MISSING (1982)

Sound Bites

The men who run our government are like early Oriental potentates playing chess with live figures.  They sit back and manipulate the pieces without ever realizing the cost in human lives.
(Elizabeth Horman, qtd. in Hauser 252)

I’m trying to do things as I feel.  Little by little you discover that there is no one truth, no one ideology which brings you to some kind of Utopia.  You become more suspicious of every kind of ideology that presents itself as the only good one.  (Costa-Gavras, qtd. in Ansen 69)

His picture is a mixture of caution and irresponsibility.  He cautiously names nothing and no one precisely; he glibly implies deep guilt, making empty heroic gestures of protest without foundation and without risk.  It’s thus a perfect Hollywood liberal picture, playing to a gallery of trained seals and to another gallery of the gullible, for the happiest kind of Hollywood profit—big returns plus big ego-satisfactions.  (Kauffmann 25)

What I’m sure they did to Charles Horman was do nothing to save him.  Of that I’m absolutely sure.  They didn’t give a shit about his life, for absolute sure.  And this is why there must be a trial.  Not so much to punish Pinochet—he’s too old for punishment to be effective—but so we can all finally get the truth about that period, to understand better why and how what happened, happened.  (Costa-Gavras, qtd. in Vest 57)

The powers that be have to have an enemy.  This enemy is “the culture,” and, of course, the larger “the culture” is, the bigger the enemy seems.  It is difficult for people to accept change from one day to another.  The empire has its own myths, its machismo, its autosatisfactions.  Now Americans have to learn not to be so macho, not to be the biggest, the strongest, the number one.  Because you cannot stop history.  (Costa-Gavras, qtd. in Kopkind 467)

Every so often a careful examination of conscience is good for the soul.  It can lead to a deeper appreciation of the self and those subtle forces that influence one’s relationships to the world, to other people and to God.  (Blake 263)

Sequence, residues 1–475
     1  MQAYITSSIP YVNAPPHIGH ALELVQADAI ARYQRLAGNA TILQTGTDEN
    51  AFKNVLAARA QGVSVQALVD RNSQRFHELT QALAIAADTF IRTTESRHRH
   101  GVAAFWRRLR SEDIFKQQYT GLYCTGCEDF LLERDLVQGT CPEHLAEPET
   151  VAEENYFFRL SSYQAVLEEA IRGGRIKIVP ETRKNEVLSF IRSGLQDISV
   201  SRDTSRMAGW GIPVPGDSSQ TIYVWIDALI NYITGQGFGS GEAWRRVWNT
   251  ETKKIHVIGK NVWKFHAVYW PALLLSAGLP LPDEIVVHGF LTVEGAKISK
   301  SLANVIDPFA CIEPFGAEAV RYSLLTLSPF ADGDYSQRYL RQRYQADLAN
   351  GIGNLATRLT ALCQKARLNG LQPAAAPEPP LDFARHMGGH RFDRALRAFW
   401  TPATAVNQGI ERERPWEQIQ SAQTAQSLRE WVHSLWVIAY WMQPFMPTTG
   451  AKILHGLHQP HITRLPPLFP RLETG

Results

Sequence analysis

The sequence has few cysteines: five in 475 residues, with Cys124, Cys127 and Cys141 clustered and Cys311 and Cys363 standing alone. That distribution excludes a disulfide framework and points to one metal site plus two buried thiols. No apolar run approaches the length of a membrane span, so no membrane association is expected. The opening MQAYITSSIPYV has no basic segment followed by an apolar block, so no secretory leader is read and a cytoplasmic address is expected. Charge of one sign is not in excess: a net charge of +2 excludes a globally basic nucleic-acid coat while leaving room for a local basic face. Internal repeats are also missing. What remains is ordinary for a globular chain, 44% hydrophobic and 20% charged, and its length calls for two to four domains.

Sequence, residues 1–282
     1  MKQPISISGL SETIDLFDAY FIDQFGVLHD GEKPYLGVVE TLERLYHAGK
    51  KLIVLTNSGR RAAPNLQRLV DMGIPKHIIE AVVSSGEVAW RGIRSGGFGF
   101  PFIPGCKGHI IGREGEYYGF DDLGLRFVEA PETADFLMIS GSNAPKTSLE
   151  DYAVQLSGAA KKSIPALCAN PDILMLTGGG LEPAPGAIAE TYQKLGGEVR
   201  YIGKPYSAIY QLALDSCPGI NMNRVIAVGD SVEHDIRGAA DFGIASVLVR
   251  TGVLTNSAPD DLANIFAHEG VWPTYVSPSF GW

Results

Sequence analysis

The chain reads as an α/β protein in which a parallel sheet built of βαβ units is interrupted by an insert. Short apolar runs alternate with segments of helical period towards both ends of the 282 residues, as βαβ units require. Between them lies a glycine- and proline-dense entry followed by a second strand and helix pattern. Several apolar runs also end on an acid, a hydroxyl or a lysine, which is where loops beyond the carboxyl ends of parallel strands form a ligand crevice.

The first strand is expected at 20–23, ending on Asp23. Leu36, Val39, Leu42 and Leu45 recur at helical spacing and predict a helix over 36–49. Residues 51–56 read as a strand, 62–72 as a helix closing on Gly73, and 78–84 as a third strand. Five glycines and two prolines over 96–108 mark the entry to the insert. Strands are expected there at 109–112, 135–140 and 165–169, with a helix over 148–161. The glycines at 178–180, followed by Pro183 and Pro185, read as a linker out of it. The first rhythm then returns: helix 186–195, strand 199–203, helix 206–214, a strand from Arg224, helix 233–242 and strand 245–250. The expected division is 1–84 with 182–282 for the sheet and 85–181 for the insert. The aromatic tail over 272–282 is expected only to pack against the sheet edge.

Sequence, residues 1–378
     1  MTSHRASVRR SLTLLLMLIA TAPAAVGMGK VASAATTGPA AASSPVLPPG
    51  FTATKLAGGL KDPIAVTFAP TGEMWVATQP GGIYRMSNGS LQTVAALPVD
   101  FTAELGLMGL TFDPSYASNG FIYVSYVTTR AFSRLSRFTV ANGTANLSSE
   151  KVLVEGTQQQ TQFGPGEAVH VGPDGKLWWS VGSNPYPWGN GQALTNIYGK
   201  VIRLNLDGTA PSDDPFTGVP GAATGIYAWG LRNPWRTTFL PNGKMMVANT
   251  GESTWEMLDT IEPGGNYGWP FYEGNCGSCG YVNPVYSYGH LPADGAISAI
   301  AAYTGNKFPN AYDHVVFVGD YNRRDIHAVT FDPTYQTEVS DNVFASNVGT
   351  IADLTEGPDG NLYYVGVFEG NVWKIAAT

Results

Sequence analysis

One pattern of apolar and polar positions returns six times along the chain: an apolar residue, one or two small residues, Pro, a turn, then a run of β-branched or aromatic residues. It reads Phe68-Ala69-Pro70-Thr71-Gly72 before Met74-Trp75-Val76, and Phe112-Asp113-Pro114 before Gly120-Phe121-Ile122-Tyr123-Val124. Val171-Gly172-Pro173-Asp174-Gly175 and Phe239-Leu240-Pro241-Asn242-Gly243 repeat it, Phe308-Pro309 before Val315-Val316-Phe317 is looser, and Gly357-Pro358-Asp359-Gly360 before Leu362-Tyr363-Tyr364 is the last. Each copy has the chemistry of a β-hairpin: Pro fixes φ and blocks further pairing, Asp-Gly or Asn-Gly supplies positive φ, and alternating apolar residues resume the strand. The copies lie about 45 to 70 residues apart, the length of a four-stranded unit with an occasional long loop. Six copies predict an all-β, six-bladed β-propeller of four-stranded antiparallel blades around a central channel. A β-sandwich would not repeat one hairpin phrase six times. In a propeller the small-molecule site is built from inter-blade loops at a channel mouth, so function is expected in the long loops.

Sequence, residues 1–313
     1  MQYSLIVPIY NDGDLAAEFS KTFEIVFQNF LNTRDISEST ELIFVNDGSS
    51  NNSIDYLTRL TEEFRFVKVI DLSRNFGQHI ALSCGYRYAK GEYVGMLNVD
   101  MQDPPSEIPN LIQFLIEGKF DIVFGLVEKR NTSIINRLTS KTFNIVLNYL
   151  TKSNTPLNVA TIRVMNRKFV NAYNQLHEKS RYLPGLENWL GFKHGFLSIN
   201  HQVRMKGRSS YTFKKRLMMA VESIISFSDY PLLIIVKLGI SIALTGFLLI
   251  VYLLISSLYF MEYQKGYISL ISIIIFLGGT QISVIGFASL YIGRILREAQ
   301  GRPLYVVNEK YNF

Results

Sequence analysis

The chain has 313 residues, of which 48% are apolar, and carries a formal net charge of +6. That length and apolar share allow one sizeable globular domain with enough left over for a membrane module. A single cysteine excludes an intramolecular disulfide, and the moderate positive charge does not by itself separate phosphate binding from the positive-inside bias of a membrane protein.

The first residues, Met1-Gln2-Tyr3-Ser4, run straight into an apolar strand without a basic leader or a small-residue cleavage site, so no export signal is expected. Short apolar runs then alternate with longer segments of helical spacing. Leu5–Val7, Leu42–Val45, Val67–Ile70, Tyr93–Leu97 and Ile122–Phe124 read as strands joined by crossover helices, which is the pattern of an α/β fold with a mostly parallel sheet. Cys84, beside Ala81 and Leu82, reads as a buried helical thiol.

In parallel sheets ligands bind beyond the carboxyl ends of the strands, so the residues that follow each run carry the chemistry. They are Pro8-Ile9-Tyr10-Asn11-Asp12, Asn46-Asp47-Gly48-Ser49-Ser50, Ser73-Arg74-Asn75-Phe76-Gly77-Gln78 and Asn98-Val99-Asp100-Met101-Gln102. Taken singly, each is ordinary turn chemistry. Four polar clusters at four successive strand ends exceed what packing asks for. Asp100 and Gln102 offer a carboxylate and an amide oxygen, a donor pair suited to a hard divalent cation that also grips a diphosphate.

News is a show.  Performance is the event.  The line between fact and fancy is the line of passion.  The image is the reality.  (Lewis 26)

It took me quite a while to realize that Charles would never come home.  The day my brother told me he was dead, it seemed very unreal.  Nobody rolled drums; nobody fainted; nobody went hysterical.  It was as though…You know, Charles wore a gold wedding band on his left hand.  Someone stole it off his body.  I wanted the ring for Joyce, but it wasn’t returned….That’s the type of recollection I try to avoid now.  I won’t destroy the memory of a whole beautiful life by dwelling on a few tragic days.  Bitterness is an ill-fitting memorial.  (Elizabeth Horman, qtd. in Hauser 253)

I tried very hard not to indulge in sorrow.  Certainly, my hopes had dwindled, but I was committed to pursuing every last chance that Charles might still be alive.  When the plane took off, I sat back, relaxed, and tried to think about what I could do to help.  Maybe I fantasized a little about where our relationship would go if Charles were rescued and brought home alive.  Fortunately, I had the satisfaction of knowing that, while we suffered the wear and tear that was normal between members of our respective generations, the bonds between us were strong.  (Ed Horman, qtd. in Hauser 144)

We have no more right to accuse ourselves than to accuse others.  Guilt feelings are like fear—given us for survival, not destruction.  (Charles Horman, qtd. in Hauser 176)

Let me take the opportunity at the outset to restate that the United States government, the Central Intelligence Agency, had no role in the overthrow of the regime in Chile.  (James Schlesinger, qtd. in Michalczyk 228)

I can say quite flatly that we did not [finance the activities that brought down the Allende government]…we had nothing to do with the political destabilization of Chile, the U.S. government had nothing to do with it.  (Harry Shlaudeman, qtd. in Michalczyk 228)

…there’s no doubt in my mind, our government had no involvement in any way whatsoever in the coup itself.  (President Gerald Ford, qtd. in Michalczyk 228)
 
 

Copyright (c) 1999 by Terry Su, Undergraduate at Lehigh University.

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